Lifetime Registry for Sex Offenders is Unconstitutional, a State Supreme Court Rules

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Calling South Carolina’s law “the most stringent in the country,” the unanimous ruling requires the General Assembly to amend the policy within 12 months.

The South Carolina Supreme Court ruled last week that a law requiring sex offenders to register for life on a statewide list is unconstitutional, sending the policy back to the General Assembly for review.

In its unanimous ruling, the court said that the state’s “requirement that sex offenders must register for life without any opportunity for judicial review violates due process because it is arbitrary and cannot be deemed rationally related to the legislature’s stated purpose of protecting the public from those with a high risk of re-offending.”

Under the state’s existing policy, sex offenders are required to register for life in a public database that displays their name, address and photograph, regardless of the degree of their offense. Once enrolled in the database, offenders can be removed only if their conviction is “reversed, overturned or vacated on appeal and a final judgment has been rendered,” or if they receive a pardon that is based “on a finding of not guilty specifically stated in the pardon.” Beyond that, offenders have no legal recourse to seek removal from the registry.

The law states that the registry is necessary to provide law enforcement officers with ample information to “protect communities, conduct investigations, and apprehend offenders who commit sex offenses...who live within the law enforcement agency’s jurisdiction.”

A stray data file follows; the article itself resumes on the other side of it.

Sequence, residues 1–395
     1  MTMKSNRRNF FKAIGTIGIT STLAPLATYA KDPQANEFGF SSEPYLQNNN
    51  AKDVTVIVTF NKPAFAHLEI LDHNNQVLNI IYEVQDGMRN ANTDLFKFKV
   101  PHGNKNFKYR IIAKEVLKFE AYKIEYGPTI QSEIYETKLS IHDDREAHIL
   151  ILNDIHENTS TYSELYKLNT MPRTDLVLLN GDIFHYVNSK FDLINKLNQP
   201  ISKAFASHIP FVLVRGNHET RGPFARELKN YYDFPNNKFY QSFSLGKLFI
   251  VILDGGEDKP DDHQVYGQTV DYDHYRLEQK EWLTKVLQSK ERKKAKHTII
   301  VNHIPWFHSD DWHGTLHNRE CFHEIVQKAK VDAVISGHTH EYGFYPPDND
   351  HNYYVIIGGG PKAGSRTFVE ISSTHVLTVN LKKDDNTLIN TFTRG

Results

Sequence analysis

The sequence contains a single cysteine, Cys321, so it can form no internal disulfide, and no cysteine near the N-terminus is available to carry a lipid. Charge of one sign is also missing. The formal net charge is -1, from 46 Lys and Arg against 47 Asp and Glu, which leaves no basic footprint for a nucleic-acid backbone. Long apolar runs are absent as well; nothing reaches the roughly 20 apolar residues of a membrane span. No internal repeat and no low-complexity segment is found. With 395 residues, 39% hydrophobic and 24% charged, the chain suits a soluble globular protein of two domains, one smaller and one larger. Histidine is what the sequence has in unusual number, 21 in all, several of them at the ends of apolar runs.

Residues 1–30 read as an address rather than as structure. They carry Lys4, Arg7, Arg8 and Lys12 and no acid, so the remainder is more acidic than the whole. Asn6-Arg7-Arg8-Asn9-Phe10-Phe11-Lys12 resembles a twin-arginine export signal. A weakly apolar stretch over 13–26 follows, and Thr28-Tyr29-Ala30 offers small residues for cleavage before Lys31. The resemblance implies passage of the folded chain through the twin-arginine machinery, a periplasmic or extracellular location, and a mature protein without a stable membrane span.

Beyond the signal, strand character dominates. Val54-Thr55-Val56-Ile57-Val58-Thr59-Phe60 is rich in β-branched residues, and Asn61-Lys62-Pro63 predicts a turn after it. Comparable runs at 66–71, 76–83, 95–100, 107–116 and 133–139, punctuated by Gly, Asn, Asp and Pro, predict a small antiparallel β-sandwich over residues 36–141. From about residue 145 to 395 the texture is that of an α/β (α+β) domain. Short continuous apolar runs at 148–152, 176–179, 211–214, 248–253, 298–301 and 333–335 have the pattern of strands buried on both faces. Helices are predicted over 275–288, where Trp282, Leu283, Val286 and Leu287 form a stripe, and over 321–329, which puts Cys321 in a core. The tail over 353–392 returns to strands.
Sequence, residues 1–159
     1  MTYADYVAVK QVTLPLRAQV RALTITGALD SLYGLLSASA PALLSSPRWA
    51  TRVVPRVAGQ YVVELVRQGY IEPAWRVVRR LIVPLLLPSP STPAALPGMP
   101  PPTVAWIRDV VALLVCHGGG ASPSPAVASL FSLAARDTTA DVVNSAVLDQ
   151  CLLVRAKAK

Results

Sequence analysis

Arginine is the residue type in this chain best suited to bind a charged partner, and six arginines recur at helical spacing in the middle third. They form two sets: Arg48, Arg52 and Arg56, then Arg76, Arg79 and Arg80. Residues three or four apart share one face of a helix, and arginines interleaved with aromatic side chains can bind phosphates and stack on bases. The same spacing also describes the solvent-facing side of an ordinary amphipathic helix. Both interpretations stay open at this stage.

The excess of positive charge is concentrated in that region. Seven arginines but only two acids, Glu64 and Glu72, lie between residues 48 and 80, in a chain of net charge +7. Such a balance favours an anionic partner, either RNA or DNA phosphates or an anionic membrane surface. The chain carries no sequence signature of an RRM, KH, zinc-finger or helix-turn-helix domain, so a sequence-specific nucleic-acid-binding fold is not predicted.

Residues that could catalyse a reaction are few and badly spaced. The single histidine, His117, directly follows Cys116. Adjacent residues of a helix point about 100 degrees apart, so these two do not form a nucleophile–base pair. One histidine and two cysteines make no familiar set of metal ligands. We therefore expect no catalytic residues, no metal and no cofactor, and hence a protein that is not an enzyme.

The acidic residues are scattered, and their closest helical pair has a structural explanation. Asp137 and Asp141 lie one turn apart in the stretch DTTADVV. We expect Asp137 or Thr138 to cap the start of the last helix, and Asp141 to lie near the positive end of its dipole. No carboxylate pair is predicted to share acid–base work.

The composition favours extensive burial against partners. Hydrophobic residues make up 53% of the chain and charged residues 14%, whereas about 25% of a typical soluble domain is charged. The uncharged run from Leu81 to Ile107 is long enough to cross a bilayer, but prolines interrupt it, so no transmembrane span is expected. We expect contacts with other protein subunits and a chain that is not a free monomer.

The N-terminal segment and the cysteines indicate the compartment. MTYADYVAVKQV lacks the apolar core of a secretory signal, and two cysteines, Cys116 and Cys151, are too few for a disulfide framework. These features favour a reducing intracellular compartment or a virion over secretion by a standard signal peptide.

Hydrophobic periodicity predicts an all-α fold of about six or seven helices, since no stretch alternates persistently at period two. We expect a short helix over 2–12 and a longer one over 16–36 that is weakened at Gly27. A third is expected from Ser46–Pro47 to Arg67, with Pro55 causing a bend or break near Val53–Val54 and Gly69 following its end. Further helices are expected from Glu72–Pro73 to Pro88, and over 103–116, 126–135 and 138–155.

Most states provide some option for offenders to petition for removal from the registry, generally based on the severity of their offense. South Carolina’s law, which does not include a similar provision, is “the most stringent in the country,” the court said in its opinion.

‘Low Risk of Recidivism’

The ruling, issued June 9, stems from a lawsuit filed in 2008 by Dennis Powell, who was arrested for criminal solicitation of a minor after engaging in “graphically sexual” online conversations with an undercover police officer posing as a 12-year-old girl as part of a sting operation. 

Powell pleaded guilty, served two years in prison, and has been on the sex offender registry “since his sentencing in 2010 and has not been arrested for any offense in that time,” according to the ruling. Both a licensed professional counselor and a licensed psychologist determined that Powell has a “low risk of recidivism.” 

But the state’s database does not take that risk into account, the court said, which renders it “over-inclusive and dilutes its utility by creating an ever-growing list of registrants that is less effective at protecting the public and meeting the needs of law enforcement.”

The ruling requires the General Assembly to change the law to allow for “hearings at which sex offenders may demonstrate they no longer pose a risk sufficient to justify continued registration.” The justices gave lawmakers 12 months to make the change, with the ruling set to take effect next June.

In a statement, Jarrod Bruder, executive director of the South Carolina Sheriffs’ Association, said the organization was still reviewing the court’s decision but would “welcome the opportunity to work with the General Assembly to provide legislative remedies to these concerns in the near future.”

“We must implement a solution that upholds a careful balance between public safety and an individual’s right to due process,” he said. 

Kate Elizabeth Queram is a senior reporter for Route Fifty and is based in Washington, D.C.

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